Center for Biological Diversity

For Immediate Release, April 5, 2019

Contact: Sophia Ressler, (206) 399-4004,

Washington Wolf Population Rose Slightly in 2018, Despite Destruction of Two Packs

Stronger Rules Limiting Wolf Killing Needed for Further Recovery

OLYMPIA, Wash.— The Washington Department of Fish and Wildlife this week said the state’s wolf population has grown slightly to a minimum of 126 wolves, with 27 packs and 15 breeding pairs. The news comes despite state wildlife managers killing several wolves at the end of 2018 and virtually wiping out two entire packs in northeast Washington.

“It’s exciting to share my home state with more wolves, but we need better rules to stop Washington officials from killing so many of them,” said Sophia Ressler, a Seattle-based staff attorney at the Center for Biological Diversity. “These important, majestic animals still need strong state and federal protections to fully recover in Washington.”

The science shows that nonlethal methods are more effective than killing at resolving conflicts between livestock and wolves. But the state ordered the killing of the Togo and Old Profanity Territory packs in late summer and fall. The kill operations left behind only one adult animal and young pups incapable of hunting wild prey.

In September wildlife officials killed the father wolf of the Togo pack, leaving his mate to fend for their two pups. In October the fish and wildlife department killed the breeding female and a five-month-old pup from the Old Profanity Territory pack. The department issued another kill order for members of the Smackout pack in Stevens County and gunned down a large male in November.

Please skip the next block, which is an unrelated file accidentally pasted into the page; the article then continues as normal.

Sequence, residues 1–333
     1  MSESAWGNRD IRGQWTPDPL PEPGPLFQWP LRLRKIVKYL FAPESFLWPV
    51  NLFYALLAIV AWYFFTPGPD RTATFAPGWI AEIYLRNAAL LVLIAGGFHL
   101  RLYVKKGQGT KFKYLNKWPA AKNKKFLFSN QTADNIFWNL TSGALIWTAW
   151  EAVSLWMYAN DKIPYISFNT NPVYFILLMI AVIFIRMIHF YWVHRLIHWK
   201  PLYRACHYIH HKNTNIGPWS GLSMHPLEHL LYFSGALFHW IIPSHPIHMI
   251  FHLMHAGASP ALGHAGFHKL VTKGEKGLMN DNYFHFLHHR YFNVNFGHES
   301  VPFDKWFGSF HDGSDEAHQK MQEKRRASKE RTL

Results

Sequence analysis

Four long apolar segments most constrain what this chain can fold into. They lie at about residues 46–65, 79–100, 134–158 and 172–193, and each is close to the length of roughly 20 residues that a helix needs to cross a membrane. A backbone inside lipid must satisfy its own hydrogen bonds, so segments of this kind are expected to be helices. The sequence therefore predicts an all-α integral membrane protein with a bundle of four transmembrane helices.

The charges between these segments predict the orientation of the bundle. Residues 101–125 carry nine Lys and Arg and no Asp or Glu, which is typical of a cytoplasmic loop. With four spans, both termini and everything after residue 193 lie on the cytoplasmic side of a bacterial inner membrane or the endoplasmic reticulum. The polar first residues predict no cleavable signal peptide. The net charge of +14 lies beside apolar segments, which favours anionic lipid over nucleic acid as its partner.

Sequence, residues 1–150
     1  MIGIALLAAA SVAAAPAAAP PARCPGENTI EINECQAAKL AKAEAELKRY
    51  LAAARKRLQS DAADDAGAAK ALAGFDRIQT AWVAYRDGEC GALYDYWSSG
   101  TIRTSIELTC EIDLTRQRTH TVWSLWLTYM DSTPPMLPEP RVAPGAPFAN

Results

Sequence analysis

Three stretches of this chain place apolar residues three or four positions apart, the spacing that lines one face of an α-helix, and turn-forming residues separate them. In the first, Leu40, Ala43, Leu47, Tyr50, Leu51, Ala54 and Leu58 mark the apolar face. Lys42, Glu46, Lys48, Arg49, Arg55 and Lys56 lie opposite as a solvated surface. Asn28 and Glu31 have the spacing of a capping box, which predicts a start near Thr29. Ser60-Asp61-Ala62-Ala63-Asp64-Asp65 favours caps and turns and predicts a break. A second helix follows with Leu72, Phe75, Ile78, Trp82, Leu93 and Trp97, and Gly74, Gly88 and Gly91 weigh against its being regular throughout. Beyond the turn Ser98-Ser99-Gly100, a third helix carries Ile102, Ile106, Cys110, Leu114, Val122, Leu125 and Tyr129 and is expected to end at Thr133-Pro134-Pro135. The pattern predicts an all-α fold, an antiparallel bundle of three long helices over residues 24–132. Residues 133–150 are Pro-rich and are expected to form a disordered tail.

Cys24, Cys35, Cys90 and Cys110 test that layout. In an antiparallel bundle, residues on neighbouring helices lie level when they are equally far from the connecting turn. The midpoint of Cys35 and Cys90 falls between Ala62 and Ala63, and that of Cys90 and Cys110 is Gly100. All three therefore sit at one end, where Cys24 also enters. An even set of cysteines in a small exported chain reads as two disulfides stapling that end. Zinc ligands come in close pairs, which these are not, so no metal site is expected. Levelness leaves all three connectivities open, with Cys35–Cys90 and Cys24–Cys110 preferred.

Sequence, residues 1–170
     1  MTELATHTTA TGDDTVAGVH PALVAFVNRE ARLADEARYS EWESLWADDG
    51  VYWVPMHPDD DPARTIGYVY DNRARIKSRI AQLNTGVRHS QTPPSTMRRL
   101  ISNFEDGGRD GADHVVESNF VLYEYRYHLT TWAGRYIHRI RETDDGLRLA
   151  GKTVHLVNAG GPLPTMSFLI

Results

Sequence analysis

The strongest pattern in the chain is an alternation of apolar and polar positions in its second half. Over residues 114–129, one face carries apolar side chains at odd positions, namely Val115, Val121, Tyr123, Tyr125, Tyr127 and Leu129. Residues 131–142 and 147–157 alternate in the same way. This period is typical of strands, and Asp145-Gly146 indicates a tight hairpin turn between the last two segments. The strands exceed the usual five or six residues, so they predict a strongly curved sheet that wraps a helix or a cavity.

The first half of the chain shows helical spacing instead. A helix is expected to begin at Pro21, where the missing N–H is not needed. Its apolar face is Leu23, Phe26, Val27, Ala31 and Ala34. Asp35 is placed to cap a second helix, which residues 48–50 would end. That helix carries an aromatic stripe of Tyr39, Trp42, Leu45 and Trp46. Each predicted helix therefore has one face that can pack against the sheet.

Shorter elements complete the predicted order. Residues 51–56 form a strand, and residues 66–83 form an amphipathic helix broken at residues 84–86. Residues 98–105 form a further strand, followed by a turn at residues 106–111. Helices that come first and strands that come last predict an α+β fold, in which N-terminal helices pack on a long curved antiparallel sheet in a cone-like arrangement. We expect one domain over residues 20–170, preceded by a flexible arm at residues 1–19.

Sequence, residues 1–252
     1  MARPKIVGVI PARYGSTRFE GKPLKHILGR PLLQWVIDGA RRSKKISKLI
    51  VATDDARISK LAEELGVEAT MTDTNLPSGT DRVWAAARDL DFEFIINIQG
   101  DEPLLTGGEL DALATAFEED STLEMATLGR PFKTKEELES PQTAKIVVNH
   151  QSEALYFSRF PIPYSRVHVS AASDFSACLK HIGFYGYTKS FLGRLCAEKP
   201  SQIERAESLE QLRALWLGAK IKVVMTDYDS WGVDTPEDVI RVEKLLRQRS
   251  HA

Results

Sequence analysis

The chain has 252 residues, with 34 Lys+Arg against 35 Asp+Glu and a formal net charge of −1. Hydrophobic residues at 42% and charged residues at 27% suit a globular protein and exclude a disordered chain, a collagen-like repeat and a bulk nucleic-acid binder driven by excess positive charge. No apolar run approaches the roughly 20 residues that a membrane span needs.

Since 2012 state officials have killed 22 wolves, 18 of which were killed to appease the same livestock owner.

“Wolf recovery in Washington is still a work in progress,” Ressler said. “Killing wolves is hindering the advancements we’ve made. The science shows we don’t need to kill wolves to protect livestock. Washington needs to stop the unnecessary slaughter and instead work toward full wolf recovery.”

Washington’s wolves were driven to extinction in the early 1900s by a government-sponsored eradication program on behalf of the livestock industry. The animals began to return from neighboring Idaho and British Columbia in the early 2000s. Their population has grown to 27 confirmed packs as of the end of 2018.

Wolves are currently federally protected in the western two-thirds of Washington and protected everywhere in the state under state law. A bill recently introduced in the state legislature aims to make it even easier for the state fish and wildlife department to kill more wolves and avoid accountability for spending taxpayer funds.

In March the Trump administration proposed to strip endangered species protection from gray wolves across the lower 48 states. That would give Washington wildlife managers full control over the protection of wolves, despite their previous indiscriminate killing of the animals.

The Center for Biological Diversity is a national, nonprofit conservation organization with more than 1.4 million members and online activists dedicated to the protection of endangered species and wild places.

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